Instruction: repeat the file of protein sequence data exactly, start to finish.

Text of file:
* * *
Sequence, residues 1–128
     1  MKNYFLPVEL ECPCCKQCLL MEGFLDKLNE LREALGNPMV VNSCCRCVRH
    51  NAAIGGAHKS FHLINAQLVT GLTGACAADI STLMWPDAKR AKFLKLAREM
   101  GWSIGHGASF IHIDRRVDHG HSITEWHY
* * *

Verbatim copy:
Sequence, residues 1–128
     1  MKNYFLPVEL ECPCCKQCLL MEGFLDKLNE LREALGNPMV VNSCCRCVRH
    51  NAAIGGAHKS FHLINAQLVT GLTGACAADI STLMWPDAKR AKFLKLAREM
   101  GWSIGHGASF IHIDRRVDHG HSITEWHY